If you're looking for investors who can help you with funding to get an idea off the ground, you need to know what they want to hear. That's according to Max Eliscu, CEO of Viewpost, a B2B invoicing and payments network which processed nearly $1 billion in payments last year. At age 25 he raised $2.3 million from angel investors to get accounts receivable financing company LSQ Funding Group off the ground, later raising another $140 million in two rounds of funding. Here's what you need to communicate if you want to land funding.  

1. Insight

Investors want to know entrepreneurs looking for capital have experience in the industry they're targeting. "I'm surprised sometimes by the entrepreneurs who have an idea but have no experience and want financial backing," he says. "If you want to get into retail, find the best retailer on earth and go get a job there and learn from them. Then start your business."

2. Ambition

Investors are interested in unconventional thinkers who won't stop when problems arise. "They have to be able to run into a barrier, be nimble and creative and recognize that barrier isn't really a barrier for them, it's a barrier for everybody else," he says. "And they have to have the ambition to believe and to find the way to get that obstacle out of the way."

3. Discipline

Investors are looking for people who are willing to do whatever it takes--within ethical boundaries--to succeed. It means working long hours and forgoing some things today in exchange for future opportunity. "They want the person who's going to skip going to the movie, going on vacation, and leaving the office to put in the time and the hours necessary in order to accomplish the objective that may be time-sensitive," he says. "Work-life balance for early stage entrepreneurs generally isn't really balanced, at all."

4. Pain Point

Just because something is a problem doesn't mean people will pay for a solution. It has to be a problem people care about.

5. Scale

Not only do you need to find a problem people want solved, the addressable market for the solution has to be big enough so you don't have to capture 100 percent of the market in order to get a good return on investment.

6. Holistic or Comprehensive

If you're developing a treatment for a pain point that isn't a cure, someone else can come along and disrupt it. "For instance, if as a result of an outbreak of Polio you come up with a slightly better wheelchair that might be interesting and you're helping to treat the symptom of the disease," he says. "But if somebody else invents a vaccine for Polio, you're out of business."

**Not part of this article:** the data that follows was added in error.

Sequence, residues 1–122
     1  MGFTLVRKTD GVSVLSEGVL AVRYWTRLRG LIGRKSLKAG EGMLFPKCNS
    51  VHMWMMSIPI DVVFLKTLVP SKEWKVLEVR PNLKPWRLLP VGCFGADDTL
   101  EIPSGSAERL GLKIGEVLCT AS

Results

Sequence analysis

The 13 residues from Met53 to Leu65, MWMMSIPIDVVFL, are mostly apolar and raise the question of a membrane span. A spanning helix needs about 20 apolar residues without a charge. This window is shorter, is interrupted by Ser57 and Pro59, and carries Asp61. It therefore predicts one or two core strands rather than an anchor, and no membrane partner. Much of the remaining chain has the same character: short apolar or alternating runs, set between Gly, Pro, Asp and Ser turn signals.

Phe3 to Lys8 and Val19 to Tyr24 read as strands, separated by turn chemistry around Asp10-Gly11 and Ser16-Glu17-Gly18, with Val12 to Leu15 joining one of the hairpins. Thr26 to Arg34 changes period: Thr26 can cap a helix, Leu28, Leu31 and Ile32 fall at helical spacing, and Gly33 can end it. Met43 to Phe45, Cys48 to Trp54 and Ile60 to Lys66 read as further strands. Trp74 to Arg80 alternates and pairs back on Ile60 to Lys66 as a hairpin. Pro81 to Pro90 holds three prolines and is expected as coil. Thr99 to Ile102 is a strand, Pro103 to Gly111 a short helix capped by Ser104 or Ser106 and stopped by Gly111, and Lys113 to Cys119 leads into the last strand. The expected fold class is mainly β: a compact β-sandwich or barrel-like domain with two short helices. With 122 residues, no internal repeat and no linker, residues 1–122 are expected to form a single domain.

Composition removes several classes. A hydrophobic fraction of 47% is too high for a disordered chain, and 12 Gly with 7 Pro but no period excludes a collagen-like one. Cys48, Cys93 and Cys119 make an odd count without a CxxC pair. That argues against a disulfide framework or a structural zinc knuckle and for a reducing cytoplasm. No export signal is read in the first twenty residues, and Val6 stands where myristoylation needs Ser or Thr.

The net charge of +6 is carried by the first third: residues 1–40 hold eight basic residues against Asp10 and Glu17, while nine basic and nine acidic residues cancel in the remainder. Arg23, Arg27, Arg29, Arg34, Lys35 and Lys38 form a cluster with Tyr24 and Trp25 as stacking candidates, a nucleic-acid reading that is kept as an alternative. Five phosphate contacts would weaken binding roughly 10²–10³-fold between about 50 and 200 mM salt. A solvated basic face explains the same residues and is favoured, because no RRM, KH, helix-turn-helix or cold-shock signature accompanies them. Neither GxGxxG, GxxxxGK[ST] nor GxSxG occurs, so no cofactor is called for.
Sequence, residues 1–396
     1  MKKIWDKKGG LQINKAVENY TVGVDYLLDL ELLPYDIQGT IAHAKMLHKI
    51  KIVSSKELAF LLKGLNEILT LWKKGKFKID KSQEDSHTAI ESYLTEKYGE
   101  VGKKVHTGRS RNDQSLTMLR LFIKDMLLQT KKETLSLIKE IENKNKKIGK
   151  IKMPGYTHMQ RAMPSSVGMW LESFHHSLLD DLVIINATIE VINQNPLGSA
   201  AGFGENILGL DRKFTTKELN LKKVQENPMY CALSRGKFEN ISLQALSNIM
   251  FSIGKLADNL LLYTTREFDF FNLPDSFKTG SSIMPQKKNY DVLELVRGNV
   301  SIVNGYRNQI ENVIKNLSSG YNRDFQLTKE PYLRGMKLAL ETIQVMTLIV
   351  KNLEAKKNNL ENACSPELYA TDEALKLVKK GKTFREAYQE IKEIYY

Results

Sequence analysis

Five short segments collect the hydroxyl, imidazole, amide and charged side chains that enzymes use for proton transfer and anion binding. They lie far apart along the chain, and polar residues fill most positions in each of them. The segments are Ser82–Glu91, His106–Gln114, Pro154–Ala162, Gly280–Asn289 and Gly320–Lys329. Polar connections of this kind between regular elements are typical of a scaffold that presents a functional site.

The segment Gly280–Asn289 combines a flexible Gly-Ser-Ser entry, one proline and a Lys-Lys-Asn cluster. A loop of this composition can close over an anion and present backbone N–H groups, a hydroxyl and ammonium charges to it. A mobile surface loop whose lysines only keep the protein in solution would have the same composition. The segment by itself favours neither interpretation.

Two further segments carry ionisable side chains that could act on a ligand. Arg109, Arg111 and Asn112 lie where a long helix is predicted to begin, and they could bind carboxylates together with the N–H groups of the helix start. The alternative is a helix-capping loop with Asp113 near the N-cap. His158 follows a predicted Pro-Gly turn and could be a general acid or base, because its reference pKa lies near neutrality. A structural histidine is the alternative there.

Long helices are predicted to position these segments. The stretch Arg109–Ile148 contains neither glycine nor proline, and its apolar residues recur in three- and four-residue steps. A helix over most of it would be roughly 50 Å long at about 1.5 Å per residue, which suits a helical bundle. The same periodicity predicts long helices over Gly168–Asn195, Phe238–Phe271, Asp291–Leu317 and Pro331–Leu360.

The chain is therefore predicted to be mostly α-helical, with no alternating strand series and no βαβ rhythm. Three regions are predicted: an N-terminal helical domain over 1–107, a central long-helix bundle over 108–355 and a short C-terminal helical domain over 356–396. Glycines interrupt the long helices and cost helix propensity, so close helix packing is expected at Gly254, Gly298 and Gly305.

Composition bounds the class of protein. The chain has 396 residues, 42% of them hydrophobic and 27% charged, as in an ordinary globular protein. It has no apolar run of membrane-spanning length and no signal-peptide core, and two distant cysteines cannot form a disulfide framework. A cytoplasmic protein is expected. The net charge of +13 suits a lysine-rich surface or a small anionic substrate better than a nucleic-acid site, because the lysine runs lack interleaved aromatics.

7. Defendable or Differentiation

Angels want to know your solution can't be easily duplicated by others in the industry who have greater resources or experience. "They want to make sure there's a barrier to adoption... so you don't get taken advantage of or put out of business by slower industry insiders who have greater scale and have an ability to adapt once they understand how to solve the problem," he says.

8. Roadmap

Can you communicate how you're going to evolve your idea into a profitable company? "They want to understand that you can see that vision and have a path and plan to execute," he says.

9. Confidence (without ego)

Entrepreneurship is tough and takes founders who believe in themselves. But they must understand their weaknesses so they can bring people on board to compensate. "If you have a high ego quotient then you're oftentimes going to believe that you're going to be the best at everything," he says. "And that's a real problem in growing and running a company."

10. Monetization

Investors want to know the path to making a lot of money or getting acquired by another player in the market. "They're not doing this out of the goodness of their hearts," he says. "They're really passionate about [investing] and ultimately hope to be paid for it."